Coping with Increased Fishing Pressure
It was a ten-mile run down Rainy Lake to get to the small, mid-lake reef we often fish. As we began to get within sight distance of the reef, I could see what looked like a boat on our destination location. As I got even closer, I was shocked to find not one, but five boats on this tiny reef.
This mid-lake structure was not big. Two boats could possibly play bumper tag and fish it, but five? It was quite unbelievable.
With the border closed to Canada last summer, the traffic on Rainy Lake was higher than normal. We all wanted to go fishing but even on big water like Rainy Lake the reefs that were well known and consistent producers were getting hit hard and heavy.
This “busy lake” scenario was not just found on Rainy Lake. I encountered heavy traffic on a number of my favorite bodies of water last summer. This pressure on the lakes forced us to make a change of plans on several different outings. We found ourselves looking for some of the more subtle fishing holding pieces of structure as well as changing the species we were targeting.
Rainy Lake is a mammoth body of water and an excellent fishery, especially for walleyes. Even after a dozen years of fishing this water, we knew there were many fish-holding spots that we had not yet discovered.
With the high degree of fishing pressure, we started seriously looking for these smaller pieces of structure. We did find them and have them marked for future outings.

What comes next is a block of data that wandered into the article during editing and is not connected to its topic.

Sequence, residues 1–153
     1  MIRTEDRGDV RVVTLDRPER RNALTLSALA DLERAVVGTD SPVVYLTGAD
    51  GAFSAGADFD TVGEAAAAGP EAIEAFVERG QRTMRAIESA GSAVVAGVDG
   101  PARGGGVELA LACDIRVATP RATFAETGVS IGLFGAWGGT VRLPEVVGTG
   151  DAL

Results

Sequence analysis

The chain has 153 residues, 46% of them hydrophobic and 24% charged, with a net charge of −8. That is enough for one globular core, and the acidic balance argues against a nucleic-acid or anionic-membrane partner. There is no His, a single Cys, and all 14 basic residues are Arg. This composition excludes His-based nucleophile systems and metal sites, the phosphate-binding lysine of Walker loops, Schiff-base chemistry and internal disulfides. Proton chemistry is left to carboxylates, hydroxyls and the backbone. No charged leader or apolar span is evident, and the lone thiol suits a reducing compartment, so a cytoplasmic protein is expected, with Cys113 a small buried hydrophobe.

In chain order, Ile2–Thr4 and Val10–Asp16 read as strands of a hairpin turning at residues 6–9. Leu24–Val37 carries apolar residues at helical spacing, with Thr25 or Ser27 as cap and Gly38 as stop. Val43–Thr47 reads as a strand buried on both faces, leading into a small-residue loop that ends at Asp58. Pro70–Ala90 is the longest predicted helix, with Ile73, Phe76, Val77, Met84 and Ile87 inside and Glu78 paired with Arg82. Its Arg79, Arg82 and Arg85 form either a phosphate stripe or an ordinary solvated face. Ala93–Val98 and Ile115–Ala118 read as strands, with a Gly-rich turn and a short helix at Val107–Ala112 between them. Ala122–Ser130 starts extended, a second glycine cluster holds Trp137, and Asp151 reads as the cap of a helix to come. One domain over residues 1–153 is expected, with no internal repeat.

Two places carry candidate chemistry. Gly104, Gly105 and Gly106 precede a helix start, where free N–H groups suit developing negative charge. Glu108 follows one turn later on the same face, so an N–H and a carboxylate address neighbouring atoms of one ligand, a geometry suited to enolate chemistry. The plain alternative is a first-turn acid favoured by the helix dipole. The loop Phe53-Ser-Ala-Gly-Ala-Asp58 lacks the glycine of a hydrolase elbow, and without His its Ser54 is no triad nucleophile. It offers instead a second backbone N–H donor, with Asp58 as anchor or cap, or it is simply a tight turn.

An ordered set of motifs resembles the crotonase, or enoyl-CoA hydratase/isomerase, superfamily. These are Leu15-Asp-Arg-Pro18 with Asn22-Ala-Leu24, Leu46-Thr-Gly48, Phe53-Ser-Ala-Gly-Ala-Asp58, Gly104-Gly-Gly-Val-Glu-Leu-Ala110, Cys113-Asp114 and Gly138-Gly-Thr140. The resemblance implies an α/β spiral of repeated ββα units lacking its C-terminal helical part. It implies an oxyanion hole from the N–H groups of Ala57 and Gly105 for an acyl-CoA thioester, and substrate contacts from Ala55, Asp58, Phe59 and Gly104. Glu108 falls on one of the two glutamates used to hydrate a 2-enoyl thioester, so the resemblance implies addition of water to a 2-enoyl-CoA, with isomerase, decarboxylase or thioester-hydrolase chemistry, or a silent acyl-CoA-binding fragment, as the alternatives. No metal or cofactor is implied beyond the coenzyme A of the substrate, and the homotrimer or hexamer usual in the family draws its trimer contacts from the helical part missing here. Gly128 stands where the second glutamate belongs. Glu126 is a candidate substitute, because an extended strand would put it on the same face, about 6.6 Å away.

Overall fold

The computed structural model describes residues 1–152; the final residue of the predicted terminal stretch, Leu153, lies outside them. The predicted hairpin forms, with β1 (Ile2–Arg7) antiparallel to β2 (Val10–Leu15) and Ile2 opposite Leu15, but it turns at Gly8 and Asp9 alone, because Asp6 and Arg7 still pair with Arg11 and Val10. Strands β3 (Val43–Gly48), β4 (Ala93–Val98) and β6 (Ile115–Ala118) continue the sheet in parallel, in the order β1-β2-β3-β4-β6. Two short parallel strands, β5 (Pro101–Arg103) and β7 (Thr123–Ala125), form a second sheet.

We had to accept the fact that these tiny structural elements weren’t going to hold huge numbers of fish. Instead of catching a dozen walleyes in a spot, we would hit half of that, or maybe less.
However, since we ended up locating so many of these new, more subtle locations, we simply hopped from one to the next and ended up with impressive numbers by the end of the day. The best part was not having to play bumper boats with other anglers.
Closer to home, we found our walleye fishing took a hit. Several times, our favorite spots were just too crowded for more boat activity. Because of that, we switched species.
Instead of walleyes, we targeted bass or sometimes crappies. Bass are much more numerous on many of our Minnesota lakes and still offer a good fight and a chance for a successful outing. If it was meal we were after, crappies often saved the day.
I am expecting this summer to be similar to last in terms of fishing pressure. With record boat sales and an increase in the popularity of fishing, I am sure we will have more of the same.
I think it is great that people have rediscovered the pleasures of fishing, as it is a wonderful sport. However, because of this, I do believe it is important to be flexible in planning our excursions to the lake.
Spending some time looking for new, less popular fishing spots is highly recommended. Small, subtle structural elements can still produce impressive results. I firmly believe that changing the species you are targeting can make a difference in your level of success.
We also found ourselves testing the water on less popular lakes. This proved to be a very worthwhile strategy and one we will utilize again this summer.
Not surprisingly, there is a silver lining in all of this. Increased pressure has forced me to expand my horizons and learn more about my favorite fishing haunts. It has also opened up some new possibilities on lakes I typically don’t fish.
When you think about it, that isn’t all bad.
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